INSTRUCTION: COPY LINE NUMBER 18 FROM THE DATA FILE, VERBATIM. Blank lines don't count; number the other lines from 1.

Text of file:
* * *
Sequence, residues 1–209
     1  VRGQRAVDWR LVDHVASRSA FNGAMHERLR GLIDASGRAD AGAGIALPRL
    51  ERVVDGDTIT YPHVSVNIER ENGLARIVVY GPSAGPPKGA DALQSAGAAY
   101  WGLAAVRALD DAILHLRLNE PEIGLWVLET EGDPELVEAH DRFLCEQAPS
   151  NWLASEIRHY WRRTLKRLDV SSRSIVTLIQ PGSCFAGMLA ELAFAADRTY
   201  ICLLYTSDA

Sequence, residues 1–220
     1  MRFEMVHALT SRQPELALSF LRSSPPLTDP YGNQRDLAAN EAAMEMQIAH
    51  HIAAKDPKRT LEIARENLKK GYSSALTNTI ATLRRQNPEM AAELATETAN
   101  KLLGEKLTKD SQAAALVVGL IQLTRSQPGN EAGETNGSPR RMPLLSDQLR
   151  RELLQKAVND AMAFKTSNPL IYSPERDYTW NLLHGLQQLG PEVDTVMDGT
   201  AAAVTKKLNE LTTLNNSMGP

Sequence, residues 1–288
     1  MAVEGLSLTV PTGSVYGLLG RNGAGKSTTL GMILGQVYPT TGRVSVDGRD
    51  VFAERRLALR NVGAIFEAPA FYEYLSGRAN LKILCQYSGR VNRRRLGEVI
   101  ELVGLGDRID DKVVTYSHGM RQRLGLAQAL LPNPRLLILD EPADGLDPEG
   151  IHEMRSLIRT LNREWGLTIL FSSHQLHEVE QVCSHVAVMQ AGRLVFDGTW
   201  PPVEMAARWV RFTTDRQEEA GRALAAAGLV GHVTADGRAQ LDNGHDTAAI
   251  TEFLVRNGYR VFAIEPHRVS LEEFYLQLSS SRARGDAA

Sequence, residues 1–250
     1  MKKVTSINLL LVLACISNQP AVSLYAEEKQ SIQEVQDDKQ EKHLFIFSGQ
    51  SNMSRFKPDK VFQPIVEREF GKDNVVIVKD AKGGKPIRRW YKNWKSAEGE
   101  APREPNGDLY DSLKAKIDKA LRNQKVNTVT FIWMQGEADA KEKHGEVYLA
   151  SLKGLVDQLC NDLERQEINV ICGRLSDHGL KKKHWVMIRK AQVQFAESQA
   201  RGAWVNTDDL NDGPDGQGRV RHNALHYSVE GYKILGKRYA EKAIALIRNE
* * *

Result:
   201  PPVEMAARWV RFTTDRQEEA GRALAAAGLV GHVTADGRAQ LDNGHDTAAI